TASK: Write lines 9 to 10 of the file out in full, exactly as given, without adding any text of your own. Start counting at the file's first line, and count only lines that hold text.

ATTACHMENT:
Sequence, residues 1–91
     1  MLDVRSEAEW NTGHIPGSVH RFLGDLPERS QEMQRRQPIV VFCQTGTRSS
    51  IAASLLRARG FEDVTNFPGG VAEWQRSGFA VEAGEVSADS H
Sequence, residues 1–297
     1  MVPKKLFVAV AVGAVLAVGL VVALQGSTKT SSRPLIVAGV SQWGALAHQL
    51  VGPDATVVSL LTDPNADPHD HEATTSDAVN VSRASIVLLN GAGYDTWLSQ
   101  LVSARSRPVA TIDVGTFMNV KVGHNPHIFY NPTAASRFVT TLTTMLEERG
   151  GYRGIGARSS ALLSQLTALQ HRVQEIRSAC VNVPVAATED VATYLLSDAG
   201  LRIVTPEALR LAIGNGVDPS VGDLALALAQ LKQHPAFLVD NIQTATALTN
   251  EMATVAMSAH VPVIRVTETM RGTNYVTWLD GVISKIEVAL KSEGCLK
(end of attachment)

   201  LRIVTPEALR LAIGNGVDPS VGDLALALAQ LKQHPAFLVD NIQTATALTN
   251  EMATVAMSAH VPVIRVTETM RGTNYVTWLD GVISKIEVAL KSEGCLK